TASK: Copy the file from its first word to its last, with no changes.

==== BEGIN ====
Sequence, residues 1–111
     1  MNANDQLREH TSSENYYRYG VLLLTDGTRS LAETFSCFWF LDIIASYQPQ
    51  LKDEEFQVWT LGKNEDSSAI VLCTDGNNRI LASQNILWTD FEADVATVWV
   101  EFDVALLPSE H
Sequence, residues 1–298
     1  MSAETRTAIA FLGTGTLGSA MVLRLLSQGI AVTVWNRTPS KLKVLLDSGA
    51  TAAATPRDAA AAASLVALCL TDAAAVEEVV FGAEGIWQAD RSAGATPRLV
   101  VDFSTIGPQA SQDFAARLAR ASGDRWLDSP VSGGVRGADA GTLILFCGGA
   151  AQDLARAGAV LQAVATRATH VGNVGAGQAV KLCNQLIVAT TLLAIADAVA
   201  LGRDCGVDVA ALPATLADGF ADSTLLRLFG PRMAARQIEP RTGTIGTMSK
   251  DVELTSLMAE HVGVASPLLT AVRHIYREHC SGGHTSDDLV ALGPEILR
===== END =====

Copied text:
Sequence, residues 1–111
     1  MNANDQLREH TSSENYYRYG VLLLTDGTRS LAETFSCFWF LDIIASYQPQ
    51  LKDEEFQVWT LGKNEDSSAI VLCTDGNNRI LASQNILWTD FEADVATVWV
   101  EFDVALLPSE H
Sequence, residues 1–298
     1  MSAETRTAIA FLGTGTLGSA MVLRLLSQGI AVTVWNRTPS KLKVLLDSGA
    51  TAAATPRDAA AAASLVALCL TDAAAVEEVV FGAEGIWQAD RSAGATPRLV
   101  VDFSTIGPQA SQDFAARLAR ASGDRWLDSP VSGGVRGADA GTLILFCGGA
   151  AQDLARAGAV LQAVATRATH VGNVGAGQAV KLCNQLIVAT TLLAIADAVA
   201  LGRDCGVDVA ALPATLADGF ADSTLLRLFG PRMAARQIEP RTGTIGTMSK
   251  DVELTSLMAE HVGVASPLLT AVRHIYREHC SGGHTSDDLV ALGPEILR